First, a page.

Also, for the record, I didn't post this as anything "new" per se. I didn't make any such claim or suggestion.

But the subject matter is important, and I found the story to provide a suitable segue.

Back to Iraq soon. I just wanted to take a break for a few moments.

But some unions (e.g. the Teamsters) don't have a very good track record for managing money for the people they supposedly represent.

Quite true. But is that an argument against all unions? Wouldn't it be better to focus on measures that punish bad unions and leave good ones alone? Or are you arguing that unions' good points are not outweighed by the bad ones?

But they do have the power to coerce employees into joining the union, extorting fees,

ITYM that by law unions get to collect operating funds even from people who would prefer to be free riders on the union's efforts. Last time I checked, the difference between wages in union and non-union settings more than made up for the dues paid, and that's not counting job security and other benefits.

and spending that money on lobbying for Democrats to win local elections.

Unions aren't allowed to use dues money for political activity. Let me repeat that, because it's widely misunderstood: unions aren't allowed to use dues money for political activity. (If you are aware of a union doing that, contact your local Republican US attorney's office; I'm sure they'd love to hear from you.) My union maintains a PAC funded by contributions from members, and based on the rate of participation in my local, I can assure you that contributions are entirely voluntary.

Part-timers often get the shaft when they're in the same bargaining unit as full-timers, although I'd be suspicious of any claim that part-timers in unions get a rawer deal overall than part-timers without unions. But the time may come when that pension-for-more-beer tradeoff will look better than it did then.

Cheers.

I should add that given the state of my S&P 500-indexed retirement account, mob-backed casinos are starting to look really really good to me.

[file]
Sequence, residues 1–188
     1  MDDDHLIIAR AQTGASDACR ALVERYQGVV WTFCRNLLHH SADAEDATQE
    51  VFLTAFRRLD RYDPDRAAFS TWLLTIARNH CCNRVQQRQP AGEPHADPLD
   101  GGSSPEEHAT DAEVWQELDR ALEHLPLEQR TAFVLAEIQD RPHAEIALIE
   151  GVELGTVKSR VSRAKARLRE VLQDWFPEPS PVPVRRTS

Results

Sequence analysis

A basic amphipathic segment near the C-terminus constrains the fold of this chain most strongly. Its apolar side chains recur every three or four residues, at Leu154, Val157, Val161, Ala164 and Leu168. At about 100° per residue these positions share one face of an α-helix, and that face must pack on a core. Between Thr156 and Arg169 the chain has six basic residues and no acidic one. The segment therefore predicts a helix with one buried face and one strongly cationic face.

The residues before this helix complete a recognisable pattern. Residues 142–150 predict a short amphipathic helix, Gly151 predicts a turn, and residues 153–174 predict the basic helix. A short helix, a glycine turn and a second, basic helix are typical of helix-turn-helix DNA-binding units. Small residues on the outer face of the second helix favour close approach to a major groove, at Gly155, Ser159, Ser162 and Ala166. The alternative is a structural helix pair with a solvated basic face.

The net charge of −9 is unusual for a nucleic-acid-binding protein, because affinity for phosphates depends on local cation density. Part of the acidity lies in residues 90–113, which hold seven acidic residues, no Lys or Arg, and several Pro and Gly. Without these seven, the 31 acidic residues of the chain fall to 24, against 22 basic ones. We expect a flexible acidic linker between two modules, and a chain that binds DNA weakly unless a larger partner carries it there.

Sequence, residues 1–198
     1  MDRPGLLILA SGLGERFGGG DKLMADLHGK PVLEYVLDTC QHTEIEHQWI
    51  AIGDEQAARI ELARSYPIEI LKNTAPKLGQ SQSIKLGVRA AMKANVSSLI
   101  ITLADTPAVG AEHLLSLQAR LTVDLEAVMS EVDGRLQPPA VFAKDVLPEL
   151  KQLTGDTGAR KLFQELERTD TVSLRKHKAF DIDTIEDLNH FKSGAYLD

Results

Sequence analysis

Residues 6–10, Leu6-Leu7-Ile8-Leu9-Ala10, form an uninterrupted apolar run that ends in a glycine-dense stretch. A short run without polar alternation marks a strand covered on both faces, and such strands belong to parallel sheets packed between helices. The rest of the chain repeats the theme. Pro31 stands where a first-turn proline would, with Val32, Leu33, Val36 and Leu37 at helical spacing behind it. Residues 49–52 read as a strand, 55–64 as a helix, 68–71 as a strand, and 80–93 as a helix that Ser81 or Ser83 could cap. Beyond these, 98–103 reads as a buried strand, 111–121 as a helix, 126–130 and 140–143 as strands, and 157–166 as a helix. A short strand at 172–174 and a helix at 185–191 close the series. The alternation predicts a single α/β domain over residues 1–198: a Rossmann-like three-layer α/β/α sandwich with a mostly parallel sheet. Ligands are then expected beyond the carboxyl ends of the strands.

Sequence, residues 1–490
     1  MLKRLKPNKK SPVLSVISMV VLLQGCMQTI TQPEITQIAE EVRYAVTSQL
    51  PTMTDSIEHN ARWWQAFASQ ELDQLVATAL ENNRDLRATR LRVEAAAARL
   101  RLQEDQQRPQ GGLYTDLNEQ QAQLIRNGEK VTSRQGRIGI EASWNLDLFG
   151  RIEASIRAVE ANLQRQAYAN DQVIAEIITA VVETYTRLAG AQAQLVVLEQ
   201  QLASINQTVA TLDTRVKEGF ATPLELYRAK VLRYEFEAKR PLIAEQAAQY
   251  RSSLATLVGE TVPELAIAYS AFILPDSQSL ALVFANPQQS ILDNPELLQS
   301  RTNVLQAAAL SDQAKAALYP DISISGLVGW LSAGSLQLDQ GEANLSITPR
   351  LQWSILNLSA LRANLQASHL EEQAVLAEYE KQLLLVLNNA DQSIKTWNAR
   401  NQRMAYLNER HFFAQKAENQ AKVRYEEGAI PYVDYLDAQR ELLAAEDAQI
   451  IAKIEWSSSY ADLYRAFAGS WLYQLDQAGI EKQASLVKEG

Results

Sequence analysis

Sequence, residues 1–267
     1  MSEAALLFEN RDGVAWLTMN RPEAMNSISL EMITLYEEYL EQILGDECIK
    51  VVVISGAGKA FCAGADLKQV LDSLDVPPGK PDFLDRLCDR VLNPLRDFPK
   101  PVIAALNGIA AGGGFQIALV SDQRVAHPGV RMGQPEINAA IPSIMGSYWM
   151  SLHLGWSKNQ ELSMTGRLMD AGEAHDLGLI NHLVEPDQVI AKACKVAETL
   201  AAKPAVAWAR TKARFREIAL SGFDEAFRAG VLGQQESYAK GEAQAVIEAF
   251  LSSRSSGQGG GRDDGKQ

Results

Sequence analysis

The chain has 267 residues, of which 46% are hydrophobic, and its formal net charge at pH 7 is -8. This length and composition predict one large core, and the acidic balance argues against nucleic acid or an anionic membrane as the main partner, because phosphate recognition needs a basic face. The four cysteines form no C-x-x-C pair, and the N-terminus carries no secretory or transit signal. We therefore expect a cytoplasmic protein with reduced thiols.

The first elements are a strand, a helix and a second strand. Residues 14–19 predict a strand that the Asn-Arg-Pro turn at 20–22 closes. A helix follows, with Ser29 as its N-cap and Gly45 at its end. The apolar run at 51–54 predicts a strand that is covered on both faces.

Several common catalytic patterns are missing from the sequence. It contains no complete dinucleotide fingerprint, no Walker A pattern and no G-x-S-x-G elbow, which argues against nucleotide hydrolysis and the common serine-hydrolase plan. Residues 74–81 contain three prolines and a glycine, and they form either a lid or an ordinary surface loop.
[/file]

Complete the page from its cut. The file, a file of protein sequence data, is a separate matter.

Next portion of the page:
My questions of the day:

Why should working people give a crap about growth if they don't see the fruit of it?

What's in it for them?

If unions don't affect growth one way or the other, but make the lives and well-being of working people better, how is that not a good thing, from their point of view?

And, why isn't their point of view relevant to the discussion?

Thanks -

Why do you find getting thousands of dollars worth of more beer boring? Wouldn't you like all that beer? Think of all the extra money for hookers and porn you could have with stronger unions.

That is the single greatest argument I have ever heard.

But if the hookers and porn industry workers unionize then their wages will go up, your costs will rise, and then we’re back to the status-quo ante.

More seriously, are weak unions a cause or a symptom of the lack of bargaining power that labor current enjoys (vs. 40-50 years ago)?

I was under the impression that global wage arbitrage was undercutting our unions in the US as effectively as anything done domestically in the way of union busting tactics. It’s not that corporate management in the 1950’s liked labor unions more than they do now, or didn’t want to engage in union busting. They just lacked the highly effective weapon of “give us what we want, or watch your jobs move to lower wage zones in Mexico/China/India/Vietnam/etc..”.

I don’t see how a strong labor movement can be rebuilt in this country without putting tariff barriers back in place to give domestic labor an advantage vs. foreign competition.

"But some unions (e.g. the Teamsters) don't have a very good track record for managing money for the people they supposedly represent."

Some people in the military are rapists. What kind of argument is "some X are bad, therefore Xs are bad"?

Do you have any statistics, or cites, on how many unions are bad versus useful/good? If not, you're boring me, with a boring and unsupported bad argument.

And do you seriously find persuasive arguments that go "some X are bad, therefore that proves Xs are bad"?

Because that would be pretty stupid, wouldn't it?

So I assume you don't believe that, but are simply engaging in a dumb argument for some other reason, but, really, it's very boring.

If only we had an open thread to talk about more entertaining things....

I'm up for ranting about unbelievably messy and thoughtless people, myself.

I have mixed feelings about unions. (So what? Who cares how I feel?) Living in the Philadlphia area, and, thereby, not so far from the NYC area, I see that bad side of unions quite a bit. The unions and their membership around here tend toward overt thuggery and, in my opinion, engage in behaviour that isn't in their own self-interest over the long-term, even if it makes them a few bucks in hte next few months. Ridiculous territorialism and work-rules make getting even small public construction projects difficult and costly.

The Philadelphia-located Pennsylvania Convention Center's recent history is instructive. Laborers, electricians and carpenters get into fist-fights over minute bits of work, which, of course, makes convention organizers really want to come back for their next convention. I can never figure out why a guy is willing to fight over an hour's worth of work when it's likely to prevent years of work in the future.